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Headlines for Wednesday, September 15, 2021

 

GOP Leader Questions Plans to Settle Afghan Evacuees in Kansas

TOPEKA, Kan. (AP) — A top Republican lawmaker in Kansas says he’s concerned about President Joe Biden’s plan to resettle almost 500 Afghan evacuees in the state because he doesn’t know how well they’re being vetted. Senate President Ty Masterson said Wednesday that he's worried both that the evacuees could come to Kansas with COVID-19 infections and that vetting by Biden’s administration won’t keep terrorists or terrorist sympathizers out. Biden's administration began notifying governors Wednesday of where it plans to resettle nearly 37,000 Afghan evacuees, and 490 are set to come to Kansas. Democratic Governor Laura Kelly's office declined comment, but she said last month that Kansas would welcome Afghan evacuees.

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Judge: Kansas Must Pay $1.42 Million to Voting Rights Attorneys

TOPEKA, Kan. (AP) — A federal judge ordered Kansas to pay $1.42 million to attorneys who succeeded in getting the federal courts to strike down a state law requiring new voters to show papers documenting their U.S. citizenship when registering. U.S. District Judge Julie Robinson ruled Wednesday that the attorneys suing the Kansas secretary of state’s office over the law should receive more than $1.07 million to cover their fees and another $350,000 for litigation expenses. The law was championed by former Kansas Secretary of State Kris Kobach, who led former President Donald Trump’s now-defunct voter fraud commission. Kobach is running for Kansas attorney general in 2022.

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AG: Spike in Natural Gas Prices Appears to Break Kansas Law

TOPEKA, Kan. (AP) — Attorney General Derek Schmidt says that sharp spikes in natural gas prices last winter appear to violate Kansas law and he is seeking outside legal help to investigate them. Schmidt's office said Monday it is looking to retain a law firm with expertise in the natural gas marketplace to help investigate and with any potential civil litigation aimed at enforcing the state’s anti-profiteering law. Schmidt said in a news release that state law prohibits unjustified price increases for necessary goods and services during a declared state of disaster emergency.

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Lawmaker Accused of Kicking Boy Pleads Guilty to 3 Charges

TOPEKA, Kan. (AP) — A Kansas legislator accused of kicking a high school student in the testicles has pleaded guilty to three lesser misdemeanor charges of disorderly conduct. A magistrate judge on Monday placed Republican state Representative Mark Samsel on a year’s probation under a deal with the local prosecutor. Samsel also agreed not to use social media for personal purposes or have any contact with two high school students whose complaints led to the charges. Samsel had faced three higher misdemeanor criminal charges of battery over interactions with the two students, ages 15 or 16, during an April 28 high school art class in his eastern Kansas hometown of Wellsville.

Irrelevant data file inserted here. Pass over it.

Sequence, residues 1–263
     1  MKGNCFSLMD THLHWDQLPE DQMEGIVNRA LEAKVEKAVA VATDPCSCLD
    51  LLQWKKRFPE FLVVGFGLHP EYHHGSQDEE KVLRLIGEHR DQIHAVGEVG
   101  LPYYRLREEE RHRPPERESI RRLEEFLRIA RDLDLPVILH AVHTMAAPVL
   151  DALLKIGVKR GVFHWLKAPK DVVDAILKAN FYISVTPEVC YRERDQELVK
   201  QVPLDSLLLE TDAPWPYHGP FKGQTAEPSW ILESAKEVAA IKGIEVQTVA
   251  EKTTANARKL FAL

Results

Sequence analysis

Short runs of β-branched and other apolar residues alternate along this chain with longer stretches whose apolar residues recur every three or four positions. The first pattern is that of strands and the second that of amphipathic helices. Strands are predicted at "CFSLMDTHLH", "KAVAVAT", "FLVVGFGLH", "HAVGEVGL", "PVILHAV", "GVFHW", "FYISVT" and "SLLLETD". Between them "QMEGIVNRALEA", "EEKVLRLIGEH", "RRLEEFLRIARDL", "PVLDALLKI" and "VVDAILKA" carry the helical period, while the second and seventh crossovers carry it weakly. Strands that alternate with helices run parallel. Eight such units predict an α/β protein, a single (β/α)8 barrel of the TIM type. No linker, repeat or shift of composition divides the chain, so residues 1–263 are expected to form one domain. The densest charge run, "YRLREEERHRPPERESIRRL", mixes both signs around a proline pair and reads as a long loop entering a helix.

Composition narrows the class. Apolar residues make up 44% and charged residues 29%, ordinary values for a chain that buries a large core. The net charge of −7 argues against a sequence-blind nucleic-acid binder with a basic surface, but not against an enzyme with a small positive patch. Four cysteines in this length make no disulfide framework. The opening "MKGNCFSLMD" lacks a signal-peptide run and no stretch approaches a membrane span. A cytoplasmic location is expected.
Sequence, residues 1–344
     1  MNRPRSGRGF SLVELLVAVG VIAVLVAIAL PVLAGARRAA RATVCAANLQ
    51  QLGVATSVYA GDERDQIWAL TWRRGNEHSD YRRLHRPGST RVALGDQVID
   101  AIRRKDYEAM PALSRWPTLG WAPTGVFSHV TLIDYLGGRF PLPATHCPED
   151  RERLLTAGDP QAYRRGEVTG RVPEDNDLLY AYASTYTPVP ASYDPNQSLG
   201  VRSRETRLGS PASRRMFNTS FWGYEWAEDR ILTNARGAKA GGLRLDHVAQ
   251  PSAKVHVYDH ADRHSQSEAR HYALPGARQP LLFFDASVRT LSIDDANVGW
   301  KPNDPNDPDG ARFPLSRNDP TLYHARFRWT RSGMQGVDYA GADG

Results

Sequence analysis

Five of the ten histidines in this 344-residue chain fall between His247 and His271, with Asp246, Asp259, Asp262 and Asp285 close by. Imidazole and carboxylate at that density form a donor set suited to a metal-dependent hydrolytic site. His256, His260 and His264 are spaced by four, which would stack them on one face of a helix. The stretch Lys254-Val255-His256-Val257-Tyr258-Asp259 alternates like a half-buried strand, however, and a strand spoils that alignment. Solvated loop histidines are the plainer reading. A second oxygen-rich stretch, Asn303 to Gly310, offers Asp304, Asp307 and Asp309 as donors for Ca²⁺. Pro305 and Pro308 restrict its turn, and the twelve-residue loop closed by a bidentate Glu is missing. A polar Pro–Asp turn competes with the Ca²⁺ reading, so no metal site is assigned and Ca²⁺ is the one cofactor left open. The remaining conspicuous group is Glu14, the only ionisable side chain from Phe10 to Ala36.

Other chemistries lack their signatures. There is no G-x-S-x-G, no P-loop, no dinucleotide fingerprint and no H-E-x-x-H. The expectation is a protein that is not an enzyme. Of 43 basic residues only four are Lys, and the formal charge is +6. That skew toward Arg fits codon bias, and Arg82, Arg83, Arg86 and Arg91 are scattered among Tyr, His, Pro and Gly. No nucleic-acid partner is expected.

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Protesters Gather for Second Straight Night at Fraternity

LAWRENCE, Kan. (AP) — Crowds gathered to protest for a second straight night at a University of Kansas fraternity house where a member is accused of sexually assaulting another student. The Kansas City Star reports that about 250 people arrived Tuesday on the lawn of the Phi Kappa Psi fraternity house. They chanted “no means no” and “kick him out” for hours as about a dozen police officers stood watch. Private security guards also were present. A spokesman for the fraternity said the organization has been made aware of the allegations involving one of its new undergraduate members and the university was immediately notified.

(–Related–) 

Protest over University of Kansas Assault Claim Draws Crowd

LAWRENCE, Kan. (AP) _ Hundreds of people chanted and held signs outside a University of Kansas fraternity house where a member is accused of sexually assaulting another student. The Kansas City Star reports that the Monday night protest outside the Phi Kappa Psi house came after the fraternity officials reported the allegations over the weekend. The university's spokeswoman said Tuesday the university takes all allegations of sexual violence seriously and has robust processes to investigate them. A spokesman for the fraternity said the organization has been made aware of the allegations involving one of its new undergraduate members and the university was immediately notified.

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Data: Federal Aid Helped Keep Kansans Out of Poverty

TOPEKA, Kan. (KNS) — New numbers from the U.S. Census Bureau show that federal tax dollars kept more Kansans from sinking into poverty during the COVID-19 pandemic. Census officials say the poverty rate would have gone up in 2020 if not for federal stimulus checks and beefed-up unemployment benefits. Analysts with the Washington-based advocacy group First Focus on Children say the child poverty rate in Kansas would have jumped by double digits without the aid.  The revised numbers reflect $2.3 billion in stimulus payments and nearly $2 billion in higher unemployment benefits made to Kansans.

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Democratic Governor Laura Kelly Appears Wary of Vaccine Mandate

LAWRENCE, Kan. (AP) — Kansas Governor Laura Kelly is indicating that she’s wary of President Joe Biden’s mandate that companies with 100 or more employees require their workers to get vaccinated against COVID-19 or undergo weekly testing. The Lawrence Journal-World reports that she said Tuesday at an economic development event that she needs to hear more details.  Her office issued a statement last week to that effect. But the Journal-World reported that Kelly later made comments indicating that a mandate may not be her preference. She said she prefers that Kansas continue to work cooperatively with businesses. Most Republicans in the Kansas congressional delegation and Kansas Legislature have condemned the mandate.

(–Additional reporting–)

Kelly Unlikely to Issue Teacher/Staff Vaccination Mandate

TOPEKA, Kan. (KNS) — Kansas Governor Laura Kelly says she’s unlikely to follow President Joe Biden’s advice and require that all teachers and school staff be vaccinated. Kelly says she prefers to continue pushing voluntary vaccinations, even though the number of people in the state getting the shots has leveled off. About half of eligible Kansans have at least one COVID-19 shot. The governor says she will continue to push for voluntary vaccinations. Republican Attorney General Derek Schmidt said he plans to “vigorously challenge” new federal vaccine mandates. The Biden administration now says all large employers must require workers to get vaccinated or tested regularly for COVID.